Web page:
The strength of societies is to a large extent determined by the quality of their institutions, which are the formal and informal frameworks for human interaction. These institutions – laws, customs, networks, organisations, etc. – enable or constrain the realisation of an open, democratic and equitable society. They also determine a society’s ability to absorb shocks and its sustainability.
At Utrecht University, scholars from the fields of economics, history, public administration, culture, law, sociology, social psychology, ethics, innovation studies, and geography join forces to find answers to the following key questions: Why do societies develop so divergently? And how do institutions contribute to the formation of open and sustainable societies?
Institutions for Open Societies (IOS) is one of the strategic themes of Utrecht University.
This year we started with IOS Lectures, a get-together for scholars and research master's students who are interested in the IOS theme. In these lectures we create a platform for sharing, exchanging and connecting knowledge and people in order to build new interdisciplinary research alliances within our strategic theme.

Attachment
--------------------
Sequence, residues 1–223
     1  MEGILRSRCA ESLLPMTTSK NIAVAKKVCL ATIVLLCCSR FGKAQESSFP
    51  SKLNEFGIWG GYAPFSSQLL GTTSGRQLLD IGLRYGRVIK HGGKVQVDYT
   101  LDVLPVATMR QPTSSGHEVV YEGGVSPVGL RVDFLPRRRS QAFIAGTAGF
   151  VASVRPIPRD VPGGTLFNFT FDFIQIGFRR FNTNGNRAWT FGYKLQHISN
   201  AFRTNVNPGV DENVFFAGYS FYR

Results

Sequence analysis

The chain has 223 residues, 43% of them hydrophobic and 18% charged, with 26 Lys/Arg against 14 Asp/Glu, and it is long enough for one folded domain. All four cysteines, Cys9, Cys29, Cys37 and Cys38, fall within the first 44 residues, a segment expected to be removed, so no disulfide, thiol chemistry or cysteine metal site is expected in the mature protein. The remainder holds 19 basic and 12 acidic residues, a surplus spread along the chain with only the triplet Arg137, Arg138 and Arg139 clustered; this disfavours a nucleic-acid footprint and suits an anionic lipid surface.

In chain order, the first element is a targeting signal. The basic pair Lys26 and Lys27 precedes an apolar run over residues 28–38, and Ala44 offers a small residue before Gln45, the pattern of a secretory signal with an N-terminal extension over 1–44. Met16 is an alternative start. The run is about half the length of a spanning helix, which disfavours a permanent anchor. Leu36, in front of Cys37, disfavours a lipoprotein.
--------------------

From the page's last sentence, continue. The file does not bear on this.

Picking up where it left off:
Bas van Bavel is Professor of Economic and Social History at the Faculty of Humanities. He also is programme director of the Institutions for Open Societies research theme. Through his research, he attempts to explain the long-term development of societies, looking for specific explanations of the differences that gradually emerge in the process. He looks primarily at differences in economic growth, the degree of equality and the extent to which societies can withstand shocks. He looks for the explanation of the differences in the institutions that societies form, i.e. the formal and informal rules of human relations.